SHE Level 3
SCQF Credit Points 20.00
ECTS Credit Points 10.00
Module Code M3I623683
Module Leader n/a
School School of Computing, Engineering and Built Environment
Subject Applied Computer Games
  • A (September start)
  • B (January start)

Summary of Content

This module introduces students to theory and practice of level and puzzle design in video games. Students will learn how game level architecture influences player behaviour and will be able to structure their game content to achieve design goals. They will learn techniques games designers use to pace player progression and to introduce new mechanics on a level by level or puzzle by puzzle basis. The module covers common design patterns used in action games and puzzle games and emphasises the experience of the player as central to the quality of any game content.


-359? Puzzle Design -359? Puzzles Vs Games ? History of "Swap Adjacent" puzzles ? Player Teaching Mechanisms ? Player Feedback ? Use of space (collapsing / negative / clarity) ? Boosters vs Repeatable Actions ? Communicating Item Differentiation -359? Puzzle Design Patterns -359? Pacing and Difficulty Curves ? Using Difficulty Curves to Encourage Engagement ? Generating Content for Puzzle Games ? Game Mechanic Variations and Combinations -359? Level Design Vs Architecture -359? Architectural Principles of Level Design ? Grey / Organge Boxing ? Level Design Goals and Hierarchies ? Spatial Design ? Coping with hardware limitations (e.g. line of sight / disk streaming) ? Gating Mechanisms ? Area Fencing techniques -359? Player Movement -359? Human Survival Instincts ? Use of Light and Colour to Guide Player ? Influencing Player Flow with Architecture -359? Visual Communication -359? Colour Theory in relation to Spaces and Environments ? 2D and 3D landmarking ? Navigational Aids ? Mental Maps -359? Single Player vs Multiplayer Considerations -359? Balancing levels ? Patterns in First Person Shooter Level Design -359? Creating an Immersive Experience -359? Immersion and Embodiment ? Use of Audio and Lighting to enhance emotion and tone of environment ? Narrative, thematic design ? Environmental storytelling -359? Procedural Generation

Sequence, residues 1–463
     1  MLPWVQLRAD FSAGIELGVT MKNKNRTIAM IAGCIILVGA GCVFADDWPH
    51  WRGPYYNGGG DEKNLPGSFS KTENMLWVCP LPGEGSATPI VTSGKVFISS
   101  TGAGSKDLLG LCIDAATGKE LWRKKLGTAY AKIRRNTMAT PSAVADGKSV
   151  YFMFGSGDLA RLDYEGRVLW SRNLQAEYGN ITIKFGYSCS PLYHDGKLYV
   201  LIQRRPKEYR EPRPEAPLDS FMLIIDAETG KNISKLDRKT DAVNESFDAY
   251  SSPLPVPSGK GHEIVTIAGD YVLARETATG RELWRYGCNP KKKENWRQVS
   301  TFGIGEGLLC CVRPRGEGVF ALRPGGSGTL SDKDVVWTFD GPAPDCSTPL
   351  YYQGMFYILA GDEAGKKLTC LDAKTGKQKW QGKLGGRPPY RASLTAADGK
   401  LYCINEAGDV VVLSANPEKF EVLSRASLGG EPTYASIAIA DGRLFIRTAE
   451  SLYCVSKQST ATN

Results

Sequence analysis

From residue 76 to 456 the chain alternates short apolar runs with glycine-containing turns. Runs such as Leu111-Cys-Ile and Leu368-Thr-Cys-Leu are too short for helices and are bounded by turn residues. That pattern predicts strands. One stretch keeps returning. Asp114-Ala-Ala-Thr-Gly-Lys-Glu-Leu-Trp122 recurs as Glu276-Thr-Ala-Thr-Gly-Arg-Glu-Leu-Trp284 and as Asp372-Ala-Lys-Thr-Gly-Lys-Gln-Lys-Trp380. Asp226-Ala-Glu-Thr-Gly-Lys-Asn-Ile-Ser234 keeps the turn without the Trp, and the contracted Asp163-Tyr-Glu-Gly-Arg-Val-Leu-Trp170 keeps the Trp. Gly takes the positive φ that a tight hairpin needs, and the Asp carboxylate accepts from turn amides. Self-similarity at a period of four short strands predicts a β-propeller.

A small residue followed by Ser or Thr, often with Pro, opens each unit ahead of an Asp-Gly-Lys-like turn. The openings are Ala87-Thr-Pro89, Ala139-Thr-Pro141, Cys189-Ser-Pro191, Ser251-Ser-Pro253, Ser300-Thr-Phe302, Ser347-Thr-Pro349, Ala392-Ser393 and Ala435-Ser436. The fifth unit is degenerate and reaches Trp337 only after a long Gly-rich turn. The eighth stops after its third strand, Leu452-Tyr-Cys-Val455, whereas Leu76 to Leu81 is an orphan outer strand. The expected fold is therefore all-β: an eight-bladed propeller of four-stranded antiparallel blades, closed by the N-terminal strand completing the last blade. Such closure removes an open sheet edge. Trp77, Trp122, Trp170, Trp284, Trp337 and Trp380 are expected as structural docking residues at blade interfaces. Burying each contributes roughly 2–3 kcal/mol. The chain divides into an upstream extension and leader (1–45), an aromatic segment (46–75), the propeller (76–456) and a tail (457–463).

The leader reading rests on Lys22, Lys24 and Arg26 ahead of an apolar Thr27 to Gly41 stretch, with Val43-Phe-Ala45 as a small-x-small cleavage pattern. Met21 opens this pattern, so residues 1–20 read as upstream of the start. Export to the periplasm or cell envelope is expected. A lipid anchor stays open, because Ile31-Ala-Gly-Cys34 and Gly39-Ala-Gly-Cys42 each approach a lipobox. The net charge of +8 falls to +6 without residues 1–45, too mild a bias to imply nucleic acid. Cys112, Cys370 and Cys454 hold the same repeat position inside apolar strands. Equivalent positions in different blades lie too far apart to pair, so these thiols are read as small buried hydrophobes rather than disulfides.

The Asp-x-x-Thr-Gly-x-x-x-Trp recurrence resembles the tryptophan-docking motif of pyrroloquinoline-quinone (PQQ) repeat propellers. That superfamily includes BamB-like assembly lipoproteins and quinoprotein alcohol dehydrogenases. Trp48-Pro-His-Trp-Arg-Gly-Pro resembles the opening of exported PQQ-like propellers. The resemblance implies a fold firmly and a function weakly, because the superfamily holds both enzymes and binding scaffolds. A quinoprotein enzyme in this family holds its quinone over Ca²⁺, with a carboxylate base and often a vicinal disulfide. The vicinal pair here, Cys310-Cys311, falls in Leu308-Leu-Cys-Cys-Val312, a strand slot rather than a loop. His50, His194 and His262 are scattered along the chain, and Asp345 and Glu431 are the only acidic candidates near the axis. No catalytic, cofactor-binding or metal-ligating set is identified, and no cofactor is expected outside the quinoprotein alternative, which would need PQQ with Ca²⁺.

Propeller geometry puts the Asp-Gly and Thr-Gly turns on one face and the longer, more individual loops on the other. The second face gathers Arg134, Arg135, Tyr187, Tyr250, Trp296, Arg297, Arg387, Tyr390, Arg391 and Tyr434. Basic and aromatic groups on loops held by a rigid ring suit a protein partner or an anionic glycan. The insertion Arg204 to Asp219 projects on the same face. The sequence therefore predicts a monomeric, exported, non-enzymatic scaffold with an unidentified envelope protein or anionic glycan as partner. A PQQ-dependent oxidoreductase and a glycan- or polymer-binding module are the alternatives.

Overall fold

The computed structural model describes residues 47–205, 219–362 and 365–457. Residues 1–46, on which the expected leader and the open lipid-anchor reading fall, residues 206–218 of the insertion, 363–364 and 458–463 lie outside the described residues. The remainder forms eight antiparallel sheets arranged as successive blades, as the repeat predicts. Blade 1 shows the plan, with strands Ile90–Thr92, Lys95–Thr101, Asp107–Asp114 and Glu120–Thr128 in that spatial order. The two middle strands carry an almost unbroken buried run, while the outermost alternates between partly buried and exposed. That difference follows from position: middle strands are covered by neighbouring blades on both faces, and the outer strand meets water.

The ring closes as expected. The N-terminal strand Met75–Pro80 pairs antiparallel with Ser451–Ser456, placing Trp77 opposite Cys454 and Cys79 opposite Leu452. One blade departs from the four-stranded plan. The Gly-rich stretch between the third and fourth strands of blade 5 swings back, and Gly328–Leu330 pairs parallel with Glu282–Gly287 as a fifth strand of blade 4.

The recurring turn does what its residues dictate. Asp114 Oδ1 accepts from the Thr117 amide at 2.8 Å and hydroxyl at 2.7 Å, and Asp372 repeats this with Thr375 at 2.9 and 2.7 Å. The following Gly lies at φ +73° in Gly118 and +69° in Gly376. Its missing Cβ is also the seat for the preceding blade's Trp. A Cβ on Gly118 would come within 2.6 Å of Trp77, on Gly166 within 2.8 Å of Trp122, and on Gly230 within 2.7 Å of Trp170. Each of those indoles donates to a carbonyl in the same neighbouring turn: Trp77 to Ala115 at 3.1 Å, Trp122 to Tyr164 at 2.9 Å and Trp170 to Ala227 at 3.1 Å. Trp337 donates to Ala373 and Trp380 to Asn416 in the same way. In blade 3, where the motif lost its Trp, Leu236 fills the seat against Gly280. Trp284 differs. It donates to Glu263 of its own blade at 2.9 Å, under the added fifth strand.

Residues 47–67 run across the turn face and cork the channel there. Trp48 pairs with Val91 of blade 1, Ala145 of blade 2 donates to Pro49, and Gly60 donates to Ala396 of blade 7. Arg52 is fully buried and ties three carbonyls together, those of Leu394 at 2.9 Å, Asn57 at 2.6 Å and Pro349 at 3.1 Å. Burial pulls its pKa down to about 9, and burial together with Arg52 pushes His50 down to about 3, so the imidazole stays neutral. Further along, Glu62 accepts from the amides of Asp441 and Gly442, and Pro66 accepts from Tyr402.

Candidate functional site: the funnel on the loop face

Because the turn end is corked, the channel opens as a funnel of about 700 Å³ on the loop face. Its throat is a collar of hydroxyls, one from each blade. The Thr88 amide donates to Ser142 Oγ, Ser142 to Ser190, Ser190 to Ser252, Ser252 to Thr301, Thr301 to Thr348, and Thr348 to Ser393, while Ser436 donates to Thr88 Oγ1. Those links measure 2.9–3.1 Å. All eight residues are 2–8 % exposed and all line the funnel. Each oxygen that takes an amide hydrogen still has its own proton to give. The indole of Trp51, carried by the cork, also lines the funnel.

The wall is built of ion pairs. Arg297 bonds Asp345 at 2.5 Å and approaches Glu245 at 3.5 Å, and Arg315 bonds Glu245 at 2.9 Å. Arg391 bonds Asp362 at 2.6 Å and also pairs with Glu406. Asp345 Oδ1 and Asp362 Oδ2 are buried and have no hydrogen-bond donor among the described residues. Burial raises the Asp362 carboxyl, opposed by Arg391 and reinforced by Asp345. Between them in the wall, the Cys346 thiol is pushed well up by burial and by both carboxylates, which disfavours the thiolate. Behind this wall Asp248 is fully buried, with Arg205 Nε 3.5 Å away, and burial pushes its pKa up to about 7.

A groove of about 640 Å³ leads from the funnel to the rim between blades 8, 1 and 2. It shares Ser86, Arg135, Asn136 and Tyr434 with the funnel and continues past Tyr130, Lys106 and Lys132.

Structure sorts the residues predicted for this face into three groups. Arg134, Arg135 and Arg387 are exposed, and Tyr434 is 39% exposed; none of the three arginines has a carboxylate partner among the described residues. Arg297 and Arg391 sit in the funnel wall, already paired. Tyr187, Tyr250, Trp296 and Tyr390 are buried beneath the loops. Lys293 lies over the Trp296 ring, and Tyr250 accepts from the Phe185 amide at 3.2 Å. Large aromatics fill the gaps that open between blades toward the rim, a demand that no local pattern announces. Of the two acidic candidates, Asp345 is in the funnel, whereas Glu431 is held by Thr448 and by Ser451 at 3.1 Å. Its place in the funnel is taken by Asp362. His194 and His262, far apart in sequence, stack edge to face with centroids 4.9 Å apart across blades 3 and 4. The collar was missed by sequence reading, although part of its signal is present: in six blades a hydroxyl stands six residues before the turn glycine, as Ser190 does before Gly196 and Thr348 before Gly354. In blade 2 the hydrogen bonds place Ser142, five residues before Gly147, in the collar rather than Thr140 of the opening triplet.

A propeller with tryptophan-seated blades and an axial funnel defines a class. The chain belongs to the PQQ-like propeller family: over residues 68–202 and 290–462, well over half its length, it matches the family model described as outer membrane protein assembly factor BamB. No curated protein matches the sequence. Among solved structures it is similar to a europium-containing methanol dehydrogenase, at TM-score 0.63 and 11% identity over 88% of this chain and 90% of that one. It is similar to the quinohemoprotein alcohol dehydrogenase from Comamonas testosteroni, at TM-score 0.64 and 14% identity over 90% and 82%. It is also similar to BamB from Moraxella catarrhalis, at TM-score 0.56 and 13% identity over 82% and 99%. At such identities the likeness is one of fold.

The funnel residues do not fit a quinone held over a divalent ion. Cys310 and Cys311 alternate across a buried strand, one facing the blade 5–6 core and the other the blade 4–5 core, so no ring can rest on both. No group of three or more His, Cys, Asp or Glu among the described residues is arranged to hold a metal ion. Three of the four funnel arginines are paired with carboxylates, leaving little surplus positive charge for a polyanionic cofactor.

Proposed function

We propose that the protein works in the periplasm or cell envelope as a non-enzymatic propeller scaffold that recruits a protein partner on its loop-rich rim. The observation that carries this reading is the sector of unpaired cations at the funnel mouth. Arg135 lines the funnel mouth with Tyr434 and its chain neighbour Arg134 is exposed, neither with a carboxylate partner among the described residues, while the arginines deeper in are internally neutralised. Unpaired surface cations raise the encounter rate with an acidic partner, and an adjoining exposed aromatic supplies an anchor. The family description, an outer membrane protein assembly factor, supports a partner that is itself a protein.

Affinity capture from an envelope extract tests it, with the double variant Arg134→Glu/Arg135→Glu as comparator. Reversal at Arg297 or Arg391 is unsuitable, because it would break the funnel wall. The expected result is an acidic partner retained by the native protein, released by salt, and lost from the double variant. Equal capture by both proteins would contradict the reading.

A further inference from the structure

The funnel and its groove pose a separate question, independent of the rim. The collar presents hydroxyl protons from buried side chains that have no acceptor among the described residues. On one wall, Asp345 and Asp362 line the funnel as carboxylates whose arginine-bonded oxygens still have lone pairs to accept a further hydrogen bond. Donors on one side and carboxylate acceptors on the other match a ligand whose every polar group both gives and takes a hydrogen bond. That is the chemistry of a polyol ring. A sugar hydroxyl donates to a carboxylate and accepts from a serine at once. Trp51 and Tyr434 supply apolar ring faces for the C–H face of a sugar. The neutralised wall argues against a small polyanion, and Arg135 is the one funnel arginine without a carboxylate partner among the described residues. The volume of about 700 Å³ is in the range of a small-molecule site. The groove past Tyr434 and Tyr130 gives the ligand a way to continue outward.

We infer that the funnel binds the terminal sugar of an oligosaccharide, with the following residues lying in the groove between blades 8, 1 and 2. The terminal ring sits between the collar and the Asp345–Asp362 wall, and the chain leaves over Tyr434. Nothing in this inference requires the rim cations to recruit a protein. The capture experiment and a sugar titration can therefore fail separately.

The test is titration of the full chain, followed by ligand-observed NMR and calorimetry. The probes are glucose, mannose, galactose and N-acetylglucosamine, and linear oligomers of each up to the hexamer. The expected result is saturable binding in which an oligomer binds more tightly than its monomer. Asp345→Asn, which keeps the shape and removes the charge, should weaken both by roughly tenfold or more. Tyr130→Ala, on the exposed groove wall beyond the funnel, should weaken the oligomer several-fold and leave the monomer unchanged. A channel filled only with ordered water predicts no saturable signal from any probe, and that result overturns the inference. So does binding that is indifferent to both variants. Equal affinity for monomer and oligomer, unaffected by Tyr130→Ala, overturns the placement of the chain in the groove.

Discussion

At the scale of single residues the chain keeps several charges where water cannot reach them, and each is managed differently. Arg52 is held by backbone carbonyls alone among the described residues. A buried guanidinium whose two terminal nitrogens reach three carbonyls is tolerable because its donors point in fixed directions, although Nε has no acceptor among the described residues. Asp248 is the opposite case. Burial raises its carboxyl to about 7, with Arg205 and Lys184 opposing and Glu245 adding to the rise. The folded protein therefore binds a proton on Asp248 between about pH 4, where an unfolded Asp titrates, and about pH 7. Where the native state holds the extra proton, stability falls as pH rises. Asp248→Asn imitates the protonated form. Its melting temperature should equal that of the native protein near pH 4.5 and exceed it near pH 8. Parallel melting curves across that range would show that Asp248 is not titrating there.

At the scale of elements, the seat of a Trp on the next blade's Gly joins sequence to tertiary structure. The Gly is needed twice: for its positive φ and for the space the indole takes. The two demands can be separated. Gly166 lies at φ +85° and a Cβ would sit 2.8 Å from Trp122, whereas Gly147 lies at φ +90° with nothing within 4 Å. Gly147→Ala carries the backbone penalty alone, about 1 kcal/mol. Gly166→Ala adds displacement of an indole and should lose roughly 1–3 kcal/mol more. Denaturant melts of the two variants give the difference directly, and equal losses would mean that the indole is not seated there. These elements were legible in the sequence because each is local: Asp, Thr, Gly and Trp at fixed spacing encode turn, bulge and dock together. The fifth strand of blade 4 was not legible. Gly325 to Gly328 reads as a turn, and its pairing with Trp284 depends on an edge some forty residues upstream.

Learning Outcomes

On completion of this module, students should be able to:Demonstrate a working knowledge of the tools and techniques used to create 2D and 3D levels for gamesApply appropriate design patterns and techniques to create content appropriate for a wide variety of game types.Influence player behaviour through use of level architecture and presentation techniques.

Teaching / Learning Strategy

The University 'Strategy for Learning' documentation has informed the learning and teaching strategy for this module. The module material will be introduced through lectures, while practical exercises, based on the lecture material, will be given to students for their laboratory sessions. Tutorials will be used to help explain and elaborate on both the lecture material and the laboratory exercises. Full use will be made of GCU Learn to provide Lecture-based and related study materials, along with sample solutions of Tutorial and Laboratory exercises, thus encouraging the development of independent learning and allowing self-reflective feedback on student performance. Staff-based feedback on student performance for submitted work will be provided in line with the University feedback policy, with summative feedback and grades on the coursework assessment utilising GCU Learn. The additional interactive discussion features of GCU Learn will be utilised, as appropriate to the module, to stimulate independent and flexible student learning outwith scheduled class time.

Indicative Reading

Fullerton, T. (2014) Game Design Workshop, Third Edition, CRC Press K & Zimmerman, E. (2003) Rules of Play, MIT Press Salen, K & Zimmerman, E. (2005) The Game Design Reader, MIT Press Ben's Small Bible of Realistic Multiplayer Level Design (2004), Benjamin Bauer, Crytek Studios The Hows and Whys of Level Design (2008), Sjoerd De Jong Environmental Storytelling in a New and Unexplored World (2013), Jethro Jongeneel, Masters Thesis Level Design, David Johnston, Blog,

Transferrable Skills

D1 Time management: organising, prioritising and planning work D3 Reviewing and evaluating own learning, strengths and weaknesses D4 Presentational Skills D5 Commercial Awareness D6 Team working and Interpersonal skills

Module Structure

Activity Total Hours
Independent Learning (FT) 122.00
Assessment (FT) 18.00
Lectures (FT) 24.00
Tutorials (FT) 12.00
Practicals (FT) 24.00

Assessment Methods

Component Duration Weighting Threshold Description
Coursework 1 n/a 100.00 40% Practical Based Assignment